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WHAT WORKS IN EDUCATION The George Lucas Educational Foundation

Team Teaching: Two Teachers, Three Subjects, One Project

A pair of educators are sanguine about their art, biology, and multimedia program. More to this story.
Transcript

Team Teaching: Two Teachers, Three Subjects, One Project (Transcript)

Narrator: It's actually putting its DNA into your cells, and so unless all your infected cells get killed you're just going to keep making it.

Teacher: So we can-- very good, amazing.

Narrator: Students in Blair Hatch's class are learning about physiology and multimedia.

You need to find a good picture of an antibody binding with an antigen.

Narrator: When class is over they walk just across the hall where they study art with Jeff Robin.

Jeffrey Robin: An easy way of making it look three dimensional is to give everything a little bit of a shadow like on the arm and on the blood, everywhere, okay?

Narrator: The students are working on one project in both classes.

Blair Hatch: We found good sources?

Student: Yeah, we have ten sources right now.

Narrator: And it's all about blood.

Gabby Aligada: All of our classmates are studying different aspects like the art of blood and blood in religions and, you know, like AIDS.

Blair Hatch: The blood project is something that students will specialize in. Doing art around it, doing research around it and presenting that research in an audio-visual format on DVD.

What's going on here?

Student: That's a fat that builds up.

Narrator: Students are creating multimedia exhibits that will be displayed at a local art gallery and will promote blood donation.

Ramona Walker: So let me tell you a little bit about the blood bank.

Narrator: San Diego Blood Bank Director Ramona Walker visits the class to provide background information.

Ramona Walker: Yeah?

Gabby Aligada: Has there ever been a time where the blood supply has been really low?

Ramona Walker: Well you know, yes, actually. About three years ago-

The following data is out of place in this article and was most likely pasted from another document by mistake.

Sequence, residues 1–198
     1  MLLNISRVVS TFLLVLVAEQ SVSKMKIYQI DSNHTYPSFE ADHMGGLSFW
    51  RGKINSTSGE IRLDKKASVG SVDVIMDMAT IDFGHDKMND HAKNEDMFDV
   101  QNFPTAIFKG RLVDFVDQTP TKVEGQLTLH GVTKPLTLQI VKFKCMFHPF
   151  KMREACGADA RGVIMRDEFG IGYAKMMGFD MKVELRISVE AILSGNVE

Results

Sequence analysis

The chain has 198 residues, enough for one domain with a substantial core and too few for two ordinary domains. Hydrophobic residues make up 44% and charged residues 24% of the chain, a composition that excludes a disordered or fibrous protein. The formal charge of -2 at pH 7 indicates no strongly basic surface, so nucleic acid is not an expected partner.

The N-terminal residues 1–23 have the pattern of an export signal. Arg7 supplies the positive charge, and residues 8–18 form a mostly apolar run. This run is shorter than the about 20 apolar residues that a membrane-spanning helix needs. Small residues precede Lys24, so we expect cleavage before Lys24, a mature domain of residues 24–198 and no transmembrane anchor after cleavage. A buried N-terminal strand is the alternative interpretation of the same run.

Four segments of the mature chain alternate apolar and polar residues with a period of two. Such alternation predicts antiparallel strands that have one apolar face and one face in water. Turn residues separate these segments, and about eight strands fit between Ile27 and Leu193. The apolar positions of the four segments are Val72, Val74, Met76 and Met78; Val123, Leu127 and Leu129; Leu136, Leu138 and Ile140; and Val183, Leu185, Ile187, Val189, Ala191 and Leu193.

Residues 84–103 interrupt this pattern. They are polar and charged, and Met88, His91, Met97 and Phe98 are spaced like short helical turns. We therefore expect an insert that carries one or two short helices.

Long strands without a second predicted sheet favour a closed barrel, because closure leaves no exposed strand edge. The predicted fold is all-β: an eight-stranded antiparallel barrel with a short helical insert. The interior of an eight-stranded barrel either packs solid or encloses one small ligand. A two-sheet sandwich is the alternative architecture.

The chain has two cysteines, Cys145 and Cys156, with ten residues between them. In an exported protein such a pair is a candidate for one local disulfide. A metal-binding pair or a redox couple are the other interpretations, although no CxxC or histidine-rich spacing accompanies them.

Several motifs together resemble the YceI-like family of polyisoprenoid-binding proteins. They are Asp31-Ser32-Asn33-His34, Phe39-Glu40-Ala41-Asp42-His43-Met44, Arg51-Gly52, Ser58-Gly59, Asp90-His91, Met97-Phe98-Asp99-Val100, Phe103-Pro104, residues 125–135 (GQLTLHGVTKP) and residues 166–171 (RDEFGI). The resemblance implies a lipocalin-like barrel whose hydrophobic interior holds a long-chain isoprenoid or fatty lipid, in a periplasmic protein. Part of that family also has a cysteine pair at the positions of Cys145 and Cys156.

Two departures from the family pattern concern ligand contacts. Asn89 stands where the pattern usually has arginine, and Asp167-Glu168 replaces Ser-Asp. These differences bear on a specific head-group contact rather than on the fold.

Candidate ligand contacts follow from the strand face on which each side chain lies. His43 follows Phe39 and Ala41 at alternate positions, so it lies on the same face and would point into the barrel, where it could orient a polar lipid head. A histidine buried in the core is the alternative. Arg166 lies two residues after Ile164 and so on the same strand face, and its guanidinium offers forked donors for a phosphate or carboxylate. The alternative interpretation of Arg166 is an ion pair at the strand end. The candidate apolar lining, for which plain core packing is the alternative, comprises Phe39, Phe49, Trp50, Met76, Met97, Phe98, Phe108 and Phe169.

Gabby Aligada: It's much more engaging when you do it this way and when you actually get to do the project and create something at the end and not only teach ourselves, but teach the community.

Jeffrey Robin: Maybe you could put what it's about in that same kind of text here, here and there-

Gabby Aligada: Oh I see what you mean, okay.

Jeffrey Robin: To balance it out.

Narrator: Robin makes sure students get their hands on every phase of the project guiding them through the design and construction of the dioramas.

Jeffrey Robin: So you can come in and come in sideways.

Jeffrey Robin: This is something that I think is real life. If they're going to get a job when they first get out of college, it's going to be doing something visual. It will be something to do with the computer, and they're going to have to do something for their bosses to put together a presentation and that's what this is about.

Did Blair approve those writing things?

Student: Our scripts?

Jeffrey Robin: Yeah.

Student: He hasn't looked at it yet but I mean-

Jeffrey Robin: Show it to him before you start writing on this.

Narrator: This complex project has many interlocking assignments and deadlines to keep track of.

Jeffrey Robin: It's so complicated and planning it just making a calendar what you're going to do every single day for a whole semester, with this you have to be right on it or all hell breaks loose.